As for me, I am off tomorrow for Indianapolis and the Final Four. Thanks for indulging my occasional sports post around here over the past week or two.

Go Mason!

keatssycamore (mail) (www):
Larranaga said, "Larranaga indicated that he thought that it was this intangible commitment to winning that accounts for the selflessness of the team in terms of sharing the ball, running the game plan, playing defense, and doing the hard work to win." "Oh, and punching the other team in the groin," he added. "I almost forgot that. If you're a groin puncher GMU should be your home."

I will never read anything about GMU without thinking it should be renamed GPU. Sorry for the off topic post. I'm on a personal mission to ensure that in all the hype, no one forgets the groin punching.
3.30.2006 10:16am
Doug Murray (mail) (www):
I have long maintained that basketball at all levels would benefit from two statistics commonly seen in ice hockey - the plus-minus and points scored including assists. These highlight the players' actual contribution to winning games, not just individual skills.

I began to suspect this several decades ago when a local high school player garnered all kinds of news coverage for scoring 50-60 points a game while his team couldn't make the playoffs.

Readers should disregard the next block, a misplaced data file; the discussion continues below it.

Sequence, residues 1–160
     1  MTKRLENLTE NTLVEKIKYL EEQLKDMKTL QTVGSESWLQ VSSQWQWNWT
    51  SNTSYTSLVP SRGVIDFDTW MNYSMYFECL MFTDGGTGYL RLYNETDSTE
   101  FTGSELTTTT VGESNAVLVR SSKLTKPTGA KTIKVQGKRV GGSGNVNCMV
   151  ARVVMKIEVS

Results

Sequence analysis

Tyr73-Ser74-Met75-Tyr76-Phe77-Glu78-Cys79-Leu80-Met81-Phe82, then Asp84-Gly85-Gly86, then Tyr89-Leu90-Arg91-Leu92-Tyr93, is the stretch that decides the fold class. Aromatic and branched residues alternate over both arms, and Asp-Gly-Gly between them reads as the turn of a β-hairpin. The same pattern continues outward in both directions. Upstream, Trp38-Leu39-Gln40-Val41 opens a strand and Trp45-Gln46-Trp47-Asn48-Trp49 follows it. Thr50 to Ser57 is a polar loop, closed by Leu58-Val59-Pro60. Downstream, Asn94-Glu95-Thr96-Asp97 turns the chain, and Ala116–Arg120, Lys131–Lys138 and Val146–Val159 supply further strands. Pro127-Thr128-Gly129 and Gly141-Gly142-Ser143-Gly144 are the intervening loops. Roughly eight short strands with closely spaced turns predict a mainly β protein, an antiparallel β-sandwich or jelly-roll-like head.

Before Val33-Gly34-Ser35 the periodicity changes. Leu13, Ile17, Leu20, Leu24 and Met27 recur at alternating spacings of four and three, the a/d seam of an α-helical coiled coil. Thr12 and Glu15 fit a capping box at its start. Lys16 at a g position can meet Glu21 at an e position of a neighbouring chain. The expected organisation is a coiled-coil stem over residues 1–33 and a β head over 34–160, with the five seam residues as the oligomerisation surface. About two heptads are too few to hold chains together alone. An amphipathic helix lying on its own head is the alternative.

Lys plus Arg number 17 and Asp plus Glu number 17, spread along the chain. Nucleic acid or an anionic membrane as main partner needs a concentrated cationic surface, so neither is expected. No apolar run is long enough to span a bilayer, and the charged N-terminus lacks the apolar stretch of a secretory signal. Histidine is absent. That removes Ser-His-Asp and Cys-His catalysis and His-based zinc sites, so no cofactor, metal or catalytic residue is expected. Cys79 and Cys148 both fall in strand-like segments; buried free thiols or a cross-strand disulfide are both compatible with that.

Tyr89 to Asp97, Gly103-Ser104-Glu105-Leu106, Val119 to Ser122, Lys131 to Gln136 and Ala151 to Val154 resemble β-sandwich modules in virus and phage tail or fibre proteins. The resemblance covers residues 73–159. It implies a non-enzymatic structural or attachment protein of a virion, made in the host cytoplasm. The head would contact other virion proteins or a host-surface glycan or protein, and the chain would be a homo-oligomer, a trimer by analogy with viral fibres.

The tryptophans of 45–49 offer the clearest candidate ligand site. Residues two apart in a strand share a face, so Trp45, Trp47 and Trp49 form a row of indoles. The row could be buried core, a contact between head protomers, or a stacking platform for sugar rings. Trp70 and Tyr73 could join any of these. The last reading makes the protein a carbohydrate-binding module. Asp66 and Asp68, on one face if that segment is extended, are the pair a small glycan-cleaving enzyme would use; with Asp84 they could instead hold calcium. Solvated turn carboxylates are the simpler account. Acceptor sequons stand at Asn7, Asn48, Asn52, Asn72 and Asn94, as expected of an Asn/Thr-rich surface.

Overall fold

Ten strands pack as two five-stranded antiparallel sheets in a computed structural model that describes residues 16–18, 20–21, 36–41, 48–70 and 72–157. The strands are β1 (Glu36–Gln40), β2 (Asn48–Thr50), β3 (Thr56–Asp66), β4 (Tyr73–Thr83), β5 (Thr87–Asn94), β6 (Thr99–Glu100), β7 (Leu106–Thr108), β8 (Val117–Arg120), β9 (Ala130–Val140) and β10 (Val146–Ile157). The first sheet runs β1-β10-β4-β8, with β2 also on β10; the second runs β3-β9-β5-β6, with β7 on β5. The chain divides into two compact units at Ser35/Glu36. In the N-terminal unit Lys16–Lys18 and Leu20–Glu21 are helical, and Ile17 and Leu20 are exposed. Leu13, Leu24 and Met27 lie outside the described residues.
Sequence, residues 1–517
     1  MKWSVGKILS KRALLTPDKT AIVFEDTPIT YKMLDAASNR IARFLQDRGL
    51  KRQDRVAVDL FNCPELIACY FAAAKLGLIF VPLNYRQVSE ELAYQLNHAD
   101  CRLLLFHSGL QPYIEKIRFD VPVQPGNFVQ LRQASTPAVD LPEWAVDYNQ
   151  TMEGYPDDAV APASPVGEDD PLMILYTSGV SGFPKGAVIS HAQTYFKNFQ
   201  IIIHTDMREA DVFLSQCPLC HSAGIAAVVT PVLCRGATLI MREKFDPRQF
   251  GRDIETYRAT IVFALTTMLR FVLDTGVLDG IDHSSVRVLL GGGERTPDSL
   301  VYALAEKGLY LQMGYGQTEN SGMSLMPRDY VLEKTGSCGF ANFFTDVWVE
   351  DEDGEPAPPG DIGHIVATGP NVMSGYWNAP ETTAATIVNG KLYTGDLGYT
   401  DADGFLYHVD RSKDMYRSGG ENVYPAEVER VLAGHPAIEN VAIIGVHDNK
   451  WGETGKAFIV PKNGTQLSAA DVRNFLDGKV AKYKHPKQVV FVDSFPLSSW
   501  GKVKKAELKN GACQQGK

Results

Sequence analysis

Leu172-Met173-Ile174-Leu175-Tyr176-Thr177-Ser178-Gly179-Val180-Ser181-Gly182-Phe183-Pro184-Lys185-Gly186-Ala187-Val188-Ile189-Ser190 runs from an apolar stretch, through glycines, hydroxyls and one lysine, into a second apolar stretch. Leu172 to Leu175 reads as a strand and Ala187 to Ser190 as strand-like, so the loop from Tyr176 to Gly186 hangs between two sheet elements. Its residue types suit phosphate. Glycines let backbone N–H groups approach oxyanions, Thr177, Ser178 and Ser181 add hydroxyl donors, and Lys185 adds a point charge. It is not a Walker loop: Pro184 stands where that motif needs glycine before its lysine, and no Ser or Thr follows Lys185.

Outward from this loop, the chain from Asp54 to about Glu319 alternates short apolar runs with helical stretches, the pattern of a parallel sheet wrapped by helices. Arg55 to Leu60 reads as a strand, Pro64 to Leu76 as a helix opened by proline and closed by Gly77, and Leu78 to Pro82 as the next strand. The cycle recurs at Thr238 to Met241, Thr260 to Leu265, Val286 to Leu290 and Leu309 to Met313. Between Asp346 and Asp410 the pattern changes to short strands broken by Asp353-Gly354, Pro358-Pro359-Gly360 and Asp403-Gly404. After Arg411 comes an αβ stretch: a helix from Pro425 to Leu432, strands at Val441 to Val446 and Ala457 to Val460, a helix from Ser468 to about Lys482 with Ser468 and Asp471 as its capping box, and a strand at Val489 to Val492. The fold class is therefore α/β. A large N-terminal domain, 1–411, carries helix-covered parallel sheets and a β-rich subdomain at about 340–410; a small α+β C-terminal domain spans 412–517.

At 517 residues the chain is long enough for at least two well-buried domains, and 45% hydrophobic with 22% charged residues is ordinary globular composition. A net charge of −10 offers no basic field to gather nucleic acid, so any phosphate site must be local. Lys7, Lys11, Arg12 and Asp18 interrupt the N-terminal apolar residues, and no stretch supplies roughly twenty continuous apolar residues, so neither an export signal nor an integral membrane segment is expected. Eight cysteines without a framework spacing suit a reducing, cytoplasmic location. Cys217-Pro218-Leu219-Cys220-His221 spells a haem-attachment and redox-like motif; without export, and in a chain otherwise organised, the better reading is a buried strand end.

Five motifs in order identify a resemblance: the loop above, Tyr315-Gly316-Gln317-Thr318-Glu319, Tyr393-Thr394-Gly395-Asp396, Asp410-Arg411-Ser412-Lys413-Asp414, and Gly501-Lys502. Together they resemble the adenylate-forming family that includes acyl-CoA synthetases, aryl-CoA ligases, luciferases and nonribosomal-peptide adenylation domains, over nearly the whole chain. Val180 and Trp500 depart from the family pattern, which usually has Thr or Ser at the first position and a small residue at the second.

3.30.2006 10:39am
AF:
Larranaga indicated that he thought that it was this intangible commitment to winning . . . .

Of course, the whole point of Moneyball is that Billy Beane rejected overvalued intangibles such as being a "winner" or a "gamer" in favor of objective, measurable skills such as plate discipline and power.

It's an irony, but not a contradiction, because it may be that such intangibles are (or were) overvalued in professional baseball but undervalued in college basketball.
3.30.2006 10:47am
Bobbie:
Okay, the hype of the GMU basketball is getting a bit ridiculous.

First, have you even read moneyball? It would scoff at something like the "intangible" of knowing how to win. It would also scoff at the idea that you can learn anything from one team's success in one year. Talk to me in five years after GMU consistently puts winners on the court.

Second, lets be honest: GMU isn't that good. If they were such an elite team they would have had a better regular season record. They're here because they've been a bit lucky and they've been playing good basketball at the right time of the year.